“No?” “Look there, see where my finger is pointing. That’s it.”
At that moment I was suddenly transported back to 1983 and the thirty-sixth day of the 36-Day Survival Voyage.
On that morning, the Savage Seven, as our crew came to be known, found ourselves in the Banks Islands, a group of islands in the Pacific located just north of the island of Espiritu Santo in Vanuatu. However, when we awoke that day we were by no means sure of our location or what course of action we would take.
On this recent voyage, we had radar, a GPS, and a compass adorned our binnacle. In 1983 we had none of these. GPS had not been invented yet, our radar wasn’t working, and our binnacle compass had been thrown overboard when a line from the main sail caught on it. We did have a chart and a small hand held compass.
Vividly recalling that morning, I remember spreading the chart out on the deck and turning it to corresponded with the islands that surrounded us. That was about as close as we had known for certain our location in a month. It is difficult to express the comfort and confidence that afforded. Still, without engine, with only the emergency tiller for steering, as the hydraulic steering had failed a week before, and no room for error, a successful landfall was far from assured. We had recently rescued the Heraclitus from grounding in Western Samoa and knew we no longer had it in us to do it again.
Once we were certain of our position, we analyzed the options and identified the main bay on Vanu Lava as the most promising entrance. The southeast wind was just right for our approach. On the starboard tack, with one person on each block and tackle of the emergency tiller, one pulling to starboard, one to port, I piloted us forward, in what still stands as my most electrifying sailing experience. We managed to just skirt the beach, while maintaining enough speed to get through the channel. A couple of young boys running along the beach trying to keep up with us were the first to welcome us.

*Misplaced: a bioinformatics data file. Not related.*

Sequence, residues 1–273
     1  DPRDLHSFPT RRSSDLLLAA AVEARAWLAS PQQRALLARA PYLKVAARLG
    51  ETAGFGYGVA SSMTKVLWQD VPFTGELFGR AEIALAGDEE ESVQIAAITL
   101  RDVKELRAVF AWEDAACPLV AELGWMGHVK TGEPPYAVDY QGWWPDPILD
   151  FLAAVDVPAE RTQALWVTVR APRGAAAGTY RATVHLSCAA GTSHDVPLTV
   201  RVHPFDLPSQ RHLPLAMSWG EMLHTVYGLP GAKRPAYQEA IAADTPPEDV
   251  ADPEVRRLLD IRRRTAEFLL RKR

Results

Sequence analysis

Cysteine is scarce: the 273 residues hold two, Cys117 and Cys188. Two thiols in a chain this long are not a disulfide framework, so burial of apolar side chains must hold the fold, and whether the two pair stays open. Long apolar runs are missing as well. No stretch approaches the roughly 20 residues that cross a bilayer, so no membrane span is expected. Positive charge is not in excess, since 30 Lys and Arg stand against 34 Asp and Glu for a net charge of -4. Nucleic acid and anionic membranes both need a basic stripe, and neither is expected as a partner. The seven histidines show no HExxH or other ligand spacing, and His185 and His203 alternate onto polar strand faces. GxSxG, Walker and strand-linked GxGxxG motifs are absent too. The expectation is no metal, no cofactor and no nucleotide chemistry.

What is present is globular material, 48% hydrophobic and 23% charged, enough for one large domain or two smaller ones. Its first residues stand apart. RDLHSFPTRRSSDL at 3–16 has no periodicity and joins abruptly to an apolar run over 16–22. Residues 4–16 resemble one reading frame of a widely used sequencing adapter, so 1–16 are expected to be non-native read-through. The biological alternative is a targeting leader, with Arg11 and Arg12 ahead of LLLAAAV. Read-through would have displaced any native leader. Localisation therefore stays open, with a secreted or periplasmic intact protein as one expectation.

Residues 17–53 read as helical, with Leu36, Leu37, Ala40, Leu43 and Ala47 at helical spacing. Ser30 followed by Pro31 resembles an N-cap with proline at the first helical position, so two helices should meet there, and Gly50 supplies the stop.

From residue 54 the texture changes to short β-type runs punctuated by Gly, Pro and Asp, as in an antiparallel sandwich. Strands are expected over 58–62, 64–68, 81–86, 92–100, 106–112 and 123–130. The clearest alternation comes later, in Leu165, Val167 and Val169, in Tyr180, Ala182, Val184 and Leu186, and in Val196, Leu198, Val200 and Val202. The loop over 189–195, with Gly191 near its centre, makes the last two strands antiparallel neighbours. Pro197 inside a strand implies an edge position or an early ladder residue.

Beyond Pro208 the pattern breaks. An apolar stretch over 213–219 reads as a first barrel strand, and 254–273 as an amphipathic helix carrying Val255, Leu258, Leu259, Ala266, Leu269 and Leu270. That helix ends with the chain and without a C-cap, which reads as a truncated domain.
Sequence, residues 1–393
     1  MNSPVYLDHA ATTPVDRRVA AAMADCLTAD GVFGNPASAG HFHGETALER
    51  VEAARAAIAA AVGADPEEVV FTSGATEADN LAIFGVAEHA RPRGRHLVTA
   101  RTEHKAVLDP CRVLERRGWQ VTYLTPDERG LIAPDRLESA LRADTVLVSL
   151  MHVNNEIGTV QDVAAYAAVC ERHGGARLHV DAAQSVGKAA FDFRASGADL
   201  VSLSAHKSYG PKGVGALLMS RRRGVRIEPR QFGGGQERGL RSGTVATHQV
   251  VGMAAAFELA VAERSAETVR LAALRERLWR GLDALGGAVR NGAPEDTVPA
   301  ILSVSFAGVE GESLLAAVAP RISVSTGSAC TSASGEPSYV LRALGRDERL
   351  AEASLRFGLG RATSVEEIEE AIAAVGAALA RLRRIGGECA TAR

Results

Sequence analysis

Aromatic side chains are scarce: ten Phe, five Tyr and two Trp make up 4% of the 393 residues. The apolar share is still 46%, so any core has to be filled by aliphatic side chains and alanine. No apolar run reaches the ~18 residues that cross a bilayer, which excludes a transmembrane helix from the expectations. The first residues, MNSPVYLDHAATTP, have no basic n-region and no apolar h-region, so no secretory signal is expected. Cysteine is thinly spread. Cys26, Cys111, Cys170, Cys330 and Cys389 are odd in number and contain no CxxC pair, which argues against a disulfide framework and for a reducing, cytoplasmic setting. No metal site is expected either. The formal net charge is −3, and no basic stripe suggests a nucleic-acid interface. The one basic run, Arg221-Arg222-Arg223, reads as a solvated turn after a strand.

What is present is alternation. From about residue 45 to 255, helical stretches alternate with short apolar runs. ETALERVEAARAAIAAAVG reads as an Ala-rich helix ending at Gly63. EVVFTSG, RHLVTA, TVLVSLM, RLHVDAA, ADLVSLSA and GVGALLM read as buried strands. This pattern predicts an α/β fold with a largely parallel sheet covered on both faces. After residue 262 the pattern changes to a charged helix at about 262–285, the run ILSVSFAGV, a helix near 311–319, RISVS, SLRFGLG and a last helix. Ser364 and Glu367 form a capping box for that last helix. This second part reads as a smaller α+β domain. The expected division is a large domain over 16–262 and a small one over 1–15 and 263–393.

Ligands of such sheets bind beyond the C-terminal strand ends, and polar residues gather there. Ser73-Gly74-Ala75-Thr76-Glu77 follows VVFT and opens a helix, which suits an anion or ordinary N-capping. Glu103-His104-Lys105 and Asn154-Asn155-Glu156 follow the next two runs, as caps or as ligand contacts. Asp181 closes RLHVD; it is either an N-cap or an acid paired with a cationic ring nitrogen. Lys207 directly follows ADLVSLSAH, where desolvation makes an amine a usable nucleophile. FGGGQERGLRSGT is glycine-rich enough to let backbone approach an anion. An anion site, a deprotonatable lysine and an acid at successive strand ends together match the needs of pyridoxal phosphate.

Once inside the bay, I continued forward toward the opposite shore. The crew anxiously awaited my order to drop anchor, while I patiently waited for the right moment, knowing that once secured we had no means of propulsion other than our sails. I needed to allow sufficient swing space if the wind direction changed, but didn’t want to be too far from shore either, as we only had a few cups of gasoline remaining for our outboard that would carry us the last several hundred yards to the beach.
By contrast, on our first sight of land in the Azores, no one ran along the shore to welcome us. We created our own welcoming party for ourselves. The first island we came to in the Azores group, Corvo, had steep cliffs with a relatively flat top, lush with grass from the volcanic soil. A few goats and cows were visible through the binoculars. It was covered in green life. We could smell the vegetative life. Almost taste it.
In celebration, we spent several hours of the afternoon drifting a few hundred feet off the island. We shared a collective meditative state, absorbing our first sight of land in 37 days. The change in scenery made a palpable change in the emotional scenery of the crew. Many expressed a bittersweet feeling as we discussed our impending
landfall at Horta on the island of Faial. The voyage was drawing to an end and that realization suddenly made our time at sea all the more valuable.